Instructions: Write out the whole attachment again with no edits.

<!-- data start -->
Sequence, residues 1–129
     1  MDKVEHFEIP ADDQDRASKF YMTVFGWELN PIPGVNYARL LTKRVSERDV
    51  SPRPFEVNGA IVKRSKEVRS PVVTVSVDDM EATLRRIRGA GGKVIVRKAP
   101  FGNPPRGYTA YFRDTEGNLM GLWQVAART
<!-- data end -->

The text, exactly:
Sequence, residues 1–129
     1  MDKVEHFEIP ADDQDRASKF YMTVFGWELN PIPGVNYARL LTKRVSERDV
    51  SPRPFEVNGA IVKRSKEVRS PVVTVSVDDM EATLRRIRGA GGKVIVRKAP
   101  FGNPPRGYTA YFRDTEGNLM GLWQVAART